The flow of the structural connectivity analysis involves dividing up the brain into cortical and subcortical areas to form the ROIs of the network and measures the connectivity between ROIs to characterize the properties of fiber tracts (13). Two main connectivity measures were included to evaluate the post-stroke structural changes: regional fractional anisotropy (rFA) and connection strength (CS). These measures can be used to localize which fiber tracts are affected by the lesions when compared with healthy controls. Then, we compared the differences between stroke patients and healthy controls in terms of rFA and CS from two perspectives, i.e., ROI-wise and connection-wise comparisons. Furthermore, correlations between the upper-limb motor function, which were assessed by clinical assessment scores (Action Research Arm Test [ARAT] and Fugl-Meyer Assessment for upper extremity [FMA-UE]) and the DTI-derived connectivity measures were evaluated in strokes to examine the remodeling of structural connectivity. The results may provide an opportunity to better understand inter-patient connectional variability and to relate it to differences in individual motor function impairment levels.
This study included 13 first-ever stroke patients (12 males and 1 female, mean age: 54.08 ± 9.01 years) with time since stroke of more than 8 months. They suffered from moderate-to-severe upper-limb impairment with FMA-UE scores lower than 47 (out of 60) (14) (Table 1). Stroke subjects were excluded if they had history of alcohol or drug abuse or epilepsy, bilateral infarcts, uncontrolled medical problems, serious cognitive deficits, comprehensive aphasia or other MRI contraindications. A total of 13 right-handed healthy controls (6 males and 7 females, mean age: 57.62 ± 3.78 years) without cerebral abnormalities were also included to serve as a reference, and their ages were comparable with the stroke subjects. The data of healthy controls were extracted from the open database of the Institute of Psychology, Chinese Academy of Sciences (15). Chi-square test was used to test the differences in gender-distribution between the two subject groups, and significant difference was found in the gender-distribution between the two groups (p = 0.015). All the subjects were fully informed of the study protocol and provided the consent form in accordance with the Declaration of Helsinki. Additionally, this study was approved by the Joint Chinese University of Hong Kong - New Territories East Cluster Clinical Research Ethics Committee.
2.2. Clinical Assessments
Each patient was assessed by a blinded assessor on their motor function scores of the paretic upper limb using ARAT and FMA-UE. Subdivision was done for FMA-UE score: FMA shoulder and elbow movements (FMA_SE) and FMA wrist and hand movements (FMA_WH). These clinical assessments are used frequently for body function evaluation in upper-extremity rehabilitation training, and their reliability and validity in assessing stroke motor functions have been proven (16). High inter-rater reliability has been shown for FMA-UE score (intra-class correlation coefficient, ICC = 0.98) (17) and for ARAT score (ICC = 0.98) (18).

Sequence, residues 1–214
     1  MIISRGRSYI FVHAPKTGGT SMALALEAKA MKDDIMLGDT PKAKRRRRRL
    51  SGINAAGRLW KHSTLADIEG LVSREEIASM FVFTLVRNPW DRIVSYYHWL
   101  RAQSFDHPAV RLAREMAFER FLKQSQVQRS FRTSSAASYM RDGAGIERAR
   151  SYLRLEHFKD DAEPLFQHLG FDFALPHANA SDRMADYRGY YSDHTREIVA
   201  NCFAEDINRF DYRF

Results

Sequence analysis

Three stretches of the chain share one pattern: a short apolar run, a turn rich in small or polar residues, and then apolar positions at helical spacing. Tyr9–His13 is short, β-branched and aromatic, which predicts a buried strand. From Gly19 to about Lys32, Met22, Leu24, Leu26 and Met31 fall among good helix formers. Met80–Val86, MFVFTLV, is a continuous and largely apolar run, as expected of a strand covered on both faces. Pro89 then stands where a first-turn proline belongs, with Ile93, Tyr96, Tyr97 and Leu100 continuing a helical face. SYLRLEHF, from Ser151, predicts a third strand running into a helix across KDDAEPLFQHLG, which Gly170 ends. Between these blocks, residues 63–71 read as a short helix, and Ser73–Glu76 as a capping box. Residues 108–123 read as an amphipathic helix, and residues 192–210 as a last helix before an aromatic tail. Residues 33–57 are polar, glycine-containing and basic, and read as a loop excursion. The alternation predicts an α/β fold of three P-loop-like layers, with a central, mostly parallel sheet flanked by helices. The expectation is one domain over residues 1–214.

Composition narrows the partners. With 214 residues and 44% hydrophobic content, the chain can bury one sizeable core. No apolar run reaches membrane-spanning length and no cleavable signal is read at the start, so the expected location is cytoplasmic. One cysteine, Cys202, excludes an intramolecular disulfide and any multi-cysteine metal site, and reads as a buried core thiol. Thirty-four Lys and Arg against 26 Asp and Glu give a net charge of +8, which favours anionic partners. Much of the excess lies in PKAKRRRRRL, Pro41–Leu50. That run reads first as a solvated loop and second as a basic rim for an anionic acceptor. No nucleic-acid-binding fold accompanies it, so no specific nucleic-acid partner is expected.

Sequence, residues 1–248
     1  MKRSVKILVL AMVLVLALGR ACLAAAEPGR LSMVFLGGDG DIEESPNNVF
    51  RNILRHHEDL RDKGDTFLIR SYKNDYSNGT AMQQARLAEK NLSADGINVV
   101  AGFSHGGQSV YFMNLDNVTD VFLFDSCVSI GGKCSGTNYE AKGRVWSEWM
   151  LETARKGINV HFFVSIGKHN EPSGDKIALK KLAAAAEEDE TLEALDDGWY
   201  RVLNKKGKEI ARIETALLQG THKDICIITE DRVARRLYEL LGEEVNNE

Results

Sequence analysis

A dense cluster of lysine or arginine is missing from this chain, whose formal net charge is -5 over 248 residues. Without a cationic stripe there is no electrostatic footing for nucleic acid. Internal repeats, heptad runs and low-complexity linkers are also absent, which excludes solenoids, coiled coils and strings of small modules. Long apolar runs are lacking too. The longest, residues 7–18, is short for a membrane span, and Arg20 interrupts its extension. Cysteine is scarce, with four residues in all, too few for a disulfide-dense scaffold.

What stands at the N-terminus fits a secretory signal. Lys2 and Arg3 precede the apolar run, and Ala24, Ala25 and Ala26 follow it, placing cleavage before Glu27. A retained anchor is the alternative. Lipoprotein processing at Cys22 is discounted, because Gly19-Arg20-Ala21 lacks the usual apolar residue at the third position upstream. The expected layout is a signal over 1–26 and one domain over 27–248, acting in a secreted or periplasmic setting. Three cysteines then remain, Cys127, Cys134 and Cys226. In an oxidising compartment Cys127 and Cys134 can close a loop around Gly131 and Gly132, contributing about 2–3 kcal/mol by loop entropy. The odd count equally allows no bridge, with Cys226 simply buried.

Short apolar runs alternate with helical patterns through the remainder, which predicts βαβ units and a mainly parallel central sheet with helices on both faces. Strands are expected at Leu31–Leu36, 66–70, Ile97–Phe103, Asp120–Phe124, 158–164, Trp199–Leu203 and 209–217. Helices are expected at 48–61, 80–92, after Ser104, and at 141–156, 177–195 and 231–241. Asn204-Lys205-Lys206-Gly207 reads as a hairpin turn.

2.3. Image Acquisition
Our stroke subjects were scanned with a 3T MRI scanner (Achieva TX, Philips Medical System, Best, Netherlands) using an 8-channel head coil. The following imaging datasets were acquired: (1) high-resolution T1-weighted anatomical images were acquired using an ultrafast spoiled gradient-echo pulse (T1-TFE) sequence (TR/TE = 7.5/3.5 ms, flip angle = 8°, 308 slices, voxel size = 0.6 × 1.04 × 1.04mm3); and (2) diffusion-weighted images were acquired using a diffusion-weighted single-shot spin-echo echo-planar pulse (DWISE) sequence (TR/TE = 3,788/88 ms, flip angle = 90°, 60 slices, voxel size = 1.5 × 1.5 × 2mm3). The diffusion-weighted images were acquired along 32 different diffusion directions with a b-value of 1000 s/mm2 and an additional baseline (b = 0) image.
The imaging datasets of healthy controls were extracted from an open database (http://fcon_1000.projects.nitrc.org/indi/CoRR/html/ipcas_8.html) and were acquired with a 3T MRI scanner (Siemens Trio Tim, Erlangen, Germany) with a 12-channel head coil. High-resolution structural images were acquired using a magnetization-prepared rapid gradient echo (MPRAGE) three-dimensional T1-weighted sequence (TR/TE = 2,530/3.39 ms, flip angle = 7°, FOV = 256 mm, slice thickness = 1.33 mm). Diffusion-weighted images were acquired using an EPI sequence (TR/TE = 6,600/104 ms, FOV = 230 mm, resolution = 1.8 × 1.8 × 3mm3). The diffusion-weighted images were acquired along 64 different diffusion directions with a b-value of 1000 s/mm2 and an additional baseline (b = 0) image. In addition, all brain images were reconstructed and visually inspected for major artifacts (e.g., motion, ringing, wrap around, and neurological abnormalities) before further image processing.
2.4. Diffusion Data Processing and Fiber Tractography
Raw diffusion imaging data were pre-processed with a MATLAB toolbox named PANDA (19), which integrates several established packages, including FMRIB Software Library (FSL), Pipeline System for Octave and Matlab (PSOM), Diffusion Toolkit and MRIcron. The processing steps follow a fully automated pipeline, involving correction for eddy-current effect, brain extraction and parcellation, and calculation of diffusion parameters, e.g., FA, eigenvectors and eigenvalues of the diffusion tensor. Deterministic diffusion fiber tracking was performed using standard fiber assignment by the continuous tracking (FACT) method (20). Tracking stops at predefined thresholds of a diffusion-weighted image and a turning angle of 45° to limit the detection of spurious fibers. The tracks were finally smoothed by a B-spline filter to remove any redundant track points and segments. The imaging datasets of patients with right hemispheric lesions were flipped so that the left hemisphere was the ipsilesional hemisphere, whereas the right hemisphere was the contralesional hemisphere.